Demolition is an interesting movie-experience”

by Steve Pulaski

Out of all the human emotions, grief is one of the hardest to convey, pinpoint, and understand for many people. When a person is happy, we can often tell. When they’re frustrated or sad, certain facial expression and unconscious reactions can prompt us to identify that they are. Grief, however, can motivate a person to work or further cripple their ability to do so. It can visibly or invisibly destroy their ability to focus or stay connected. Some keep right on moving; others fall prey to depression and the never-ending cycle of painkillers or therapy. We all have a way of grieving and all we need is a trigger.

Davis Mitchell (Jake Gyllenhaal) gets his turn to grieve in Jean-Marc Vallée’s Demolition. Davis is an investment banker working for a company that handles over $6 billion in stocks, bonds, and money mutual funds. On his way to work one day, he is involved in a car accident that kills his wife Julia (Heather Lind) soon after. When he’s in the intensive care unit, he tries to purchase a bag of peanut M&M’s from a vending machine, but the candy winds up getting stuck in the machine, prompting him to write a complaint letter to Champion Vending Service’s customer service team.

He winds up expelling years worth of built-up guilt and honesty in a three-page letter to the company, where he talks about the death of his wife, his job, and his previous inability to be confiding or honest, in addition to requesting monetary compensation. Eventually, he is contacted by a woman named Karen Marino (Naomi Watts) late in the evening, who reads his letter and finds him to be a seriously lonely and confused person. What winds up brewing is a strange but amiable friendship between not only Davis and Karen, but also her young son (Judah Lewis), who loves smoking and gratuitously using “the f word.”

Directed by
Jean-Marc Vallée
Jake Gyllenhaal, Naomi Watts, Chris Cooper
Release Date
8 April 2016
Steve’s Grade: B

During this time, Davis finds solace in breaking things, even going as far as to working with a construction team to demolish houses, including his own, with sledge-hammers, buzzsaws, and any weapon of destruction he can get his hands on in the moment. This newfound fascination initially stems from his love for taking apart appliances and seeing how they function, something he does to his leaky refrigerator Julia told him to fix moments before the accident. Through all this, one of the only constants in Davis’ life is Julia’s father Phil (Chris Cooper), who can’t understand how Davis can be so emotionally vapid and ostensibly cold to Julia’s death.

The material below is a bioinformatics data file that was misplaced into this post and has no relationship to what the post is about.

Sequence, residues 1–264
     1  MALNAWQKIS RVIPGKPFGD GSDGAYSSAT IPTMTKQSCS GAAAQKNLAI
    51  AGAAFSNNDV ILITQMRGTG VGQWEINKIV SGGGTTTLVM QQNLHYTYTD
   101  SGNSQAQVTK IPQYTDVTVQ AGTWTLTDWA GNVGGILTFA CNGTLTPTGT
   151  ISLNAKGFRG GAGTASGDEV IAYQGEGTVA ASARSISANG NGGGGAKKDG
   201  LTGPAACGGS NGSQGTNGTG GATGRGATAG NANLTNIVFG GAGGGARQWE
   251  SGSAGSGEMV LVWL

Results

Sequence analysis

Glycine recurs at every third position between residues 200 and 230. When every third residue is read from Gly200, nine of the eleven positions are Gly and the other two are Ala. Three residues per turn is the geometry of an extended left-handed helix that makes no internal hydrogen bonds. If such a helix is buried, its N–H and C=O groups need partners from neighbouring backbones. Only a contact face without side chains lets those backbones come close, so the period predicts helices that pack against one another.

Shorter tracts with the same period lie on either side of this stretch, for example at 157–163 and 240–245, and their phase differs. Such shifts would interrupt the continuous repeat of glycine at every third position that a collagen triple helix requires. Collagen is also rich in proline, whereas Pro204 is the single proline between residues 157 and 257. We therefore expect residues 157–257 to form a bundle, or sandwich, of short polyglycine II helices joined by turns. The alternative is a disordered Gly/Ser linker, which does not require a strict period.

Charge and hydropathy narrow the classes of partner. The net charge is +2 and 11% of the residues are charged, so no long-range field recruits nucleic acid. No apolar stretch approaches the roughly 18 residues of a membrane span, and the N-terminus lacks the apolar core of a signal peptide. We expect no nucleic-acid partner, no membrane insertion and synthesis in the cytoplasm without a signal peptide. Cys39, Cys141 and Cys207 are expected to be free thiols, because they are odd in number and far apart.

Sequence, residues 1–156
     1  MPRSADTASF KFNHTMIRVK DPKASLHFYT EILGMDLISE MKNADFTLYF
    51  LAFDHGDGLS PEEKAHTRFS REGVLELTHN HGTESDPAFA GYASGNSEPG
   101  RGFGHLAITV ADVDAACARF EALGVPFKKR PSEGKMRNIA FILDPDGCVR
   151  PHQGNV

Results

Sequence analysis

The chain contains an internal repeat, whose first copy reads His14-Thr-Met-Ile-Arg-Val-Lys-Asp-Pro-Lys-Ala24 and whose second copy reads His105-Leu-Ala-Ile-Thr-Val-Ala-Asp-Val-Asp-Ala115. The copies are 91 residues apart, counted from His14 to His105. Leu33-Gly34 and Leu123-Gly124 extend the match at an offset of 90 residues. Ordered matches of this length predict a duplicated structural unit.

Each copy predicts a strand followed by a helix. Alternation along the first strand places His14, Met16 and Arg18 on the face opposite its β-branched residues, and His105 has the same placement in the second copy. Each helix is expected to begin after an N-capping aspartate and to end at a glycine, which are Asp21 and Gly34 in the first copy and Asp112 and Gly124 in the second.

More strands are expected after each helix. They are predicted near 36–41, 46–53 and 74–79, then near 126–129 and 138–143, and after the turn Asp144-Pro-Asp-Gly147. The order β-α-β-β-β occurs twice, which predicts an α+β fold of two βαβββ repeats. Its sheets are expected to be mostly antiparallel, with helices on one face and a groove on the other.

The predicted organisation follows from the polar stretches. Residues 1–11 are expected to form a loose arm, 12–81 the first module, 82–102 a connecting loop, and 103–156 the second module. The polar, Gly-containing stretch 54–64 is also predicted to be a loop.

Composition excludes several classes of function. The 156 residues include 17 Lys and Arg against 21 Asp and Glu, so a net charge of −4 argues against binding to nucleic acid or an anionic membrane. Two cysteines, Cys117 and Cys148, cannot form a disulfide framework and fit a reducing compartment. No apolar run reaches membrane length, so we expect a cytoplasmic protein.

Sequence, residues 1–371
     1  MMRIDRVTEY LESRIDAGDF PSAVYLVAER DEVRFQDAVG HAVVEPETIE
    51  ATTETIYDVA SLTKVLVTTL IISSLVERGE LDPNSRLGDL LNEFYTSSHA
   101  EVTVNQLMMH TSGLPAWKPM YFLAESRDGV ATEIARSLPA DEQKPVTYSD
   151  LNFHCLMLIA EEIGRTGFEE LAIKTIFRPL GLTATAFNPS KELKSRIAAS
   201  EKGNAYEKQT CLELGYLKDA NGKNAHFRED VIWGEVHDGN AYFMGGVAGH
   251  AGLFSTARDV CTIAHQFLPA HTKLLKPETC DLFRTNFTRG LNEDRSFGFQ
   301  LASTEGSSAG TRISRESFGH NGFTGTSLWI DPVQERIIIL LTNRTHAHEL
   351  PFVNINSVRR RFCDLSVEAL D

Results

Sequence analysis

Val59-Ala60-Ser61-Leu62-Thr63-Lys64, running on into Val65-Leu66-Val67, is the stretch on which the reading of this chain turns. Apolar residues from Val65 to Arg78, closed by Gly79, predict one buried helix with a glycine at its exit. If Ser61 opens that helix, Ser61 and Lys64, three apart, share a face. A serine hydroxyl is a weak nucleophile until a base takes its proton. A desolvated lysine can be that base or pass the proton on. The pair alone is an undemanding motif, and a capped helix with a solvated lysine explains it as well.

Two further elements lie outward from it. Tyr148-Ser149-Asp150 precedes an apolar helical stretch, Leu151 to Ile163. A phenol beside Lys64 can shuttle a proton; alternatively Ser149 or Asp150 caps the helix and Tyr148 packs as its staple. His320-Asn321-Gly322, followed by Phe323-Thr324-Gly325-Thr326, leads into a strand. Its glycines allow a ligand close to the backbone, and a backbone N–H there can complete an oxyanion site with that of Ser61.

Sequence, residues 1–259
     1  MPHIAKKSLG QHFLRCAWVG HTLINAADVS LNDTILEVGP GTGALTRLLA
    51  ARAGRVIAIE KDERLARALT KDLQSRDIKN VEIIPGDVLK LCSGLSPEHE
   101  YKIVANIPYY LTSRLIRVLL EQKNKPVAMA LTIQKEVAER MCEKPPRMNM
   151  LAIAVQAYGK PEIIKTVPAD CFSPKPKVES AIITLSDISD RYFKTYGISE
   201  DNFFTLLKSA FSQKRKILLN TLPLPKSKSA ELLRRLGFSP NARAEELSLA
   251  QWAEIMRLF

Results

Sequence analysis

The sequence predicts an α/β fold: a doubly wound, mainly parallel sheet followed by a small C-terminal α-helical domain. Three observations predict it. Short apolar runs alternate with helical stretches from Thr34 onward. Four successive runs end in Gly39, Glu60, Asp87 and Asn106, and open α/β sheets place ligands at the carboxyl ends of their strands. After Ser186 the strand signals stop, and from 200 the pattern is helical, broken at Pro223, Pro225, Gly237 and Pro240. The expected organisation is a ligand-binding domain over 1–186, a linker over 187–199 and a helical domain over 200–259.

About a third of the way through Demolition, an older gentleman a few rows down from me got up, proceeded to the aisle of the theater, turned to me with a smile and a shrug and simply said, “Don’t get it,” before walking out, never to be seen again. “It’s quirky,” I could only reply in that moment, but minutes later, I second-guessed if that was even the appropriate word for this film. Demolition deals with indescribable human emotions appropriately by being an almost entirely unclassifiable film. Elements of psychological drama and black comedy are only sprinkled in so much as to be billed as secondary genres to a film that is largely without a genre and shockingly without much evident structure.

The film was directed by Jean-Marc Vallée, the same man who directed both Dallas Buyers Club and Wild, and the more I see from him, I can’t help but feel he’s the director for those who want to see an “indie movie” but don’t want to be burdened with a great deal of ambiguity, emotion, or subtext. Like his previous efforts, despite their more commendable attributes, Demolition feels as if it will go for gold in terms of articulating grief through rage and pure, primal behavior until it cops out to try to evenly smooth things out late in its third act. Rather than going for broke, it manages to spare a few cents, as if it feels the audience will be potentially more disconnected than they already are if the film doesn’t find a way to cleanly conclude itself.

Even with this roadblock, Demolition is largely sustained by what most movies crave – a great Jake Gyllenhaal performance. Gyllenhaal feels like he’s working off his recent performance of Louis Bloom in the terrific Nightcrawler, where emotional disconnect and a lack of empathy plagues him as a person. In addition, Gyllenhaal has a way with playing mentally unstable in such a communicable way that makes sympathy and concern develop on the audience’s behalf without ushering in pity or the need to suspend disbelief. He’s a treasure of actors and one of the best leading men of our time. Hopefully one day he’ll be received and treated like he is.

With all that being said, Demolition is an interesting movie-experience, filled with energy and contemplation, while also having the ability of being emotionally impacting for some. Anchored by a terrific Gyllenhaal performance and subtext about the lofty idea of grief, even with a disinterest in being totally raw and unequivocally brutal when it has the potential to be, it’s a fascinating on the basis for what it simultaneously says, doesn’t say, hints to, and doesn’t hint to.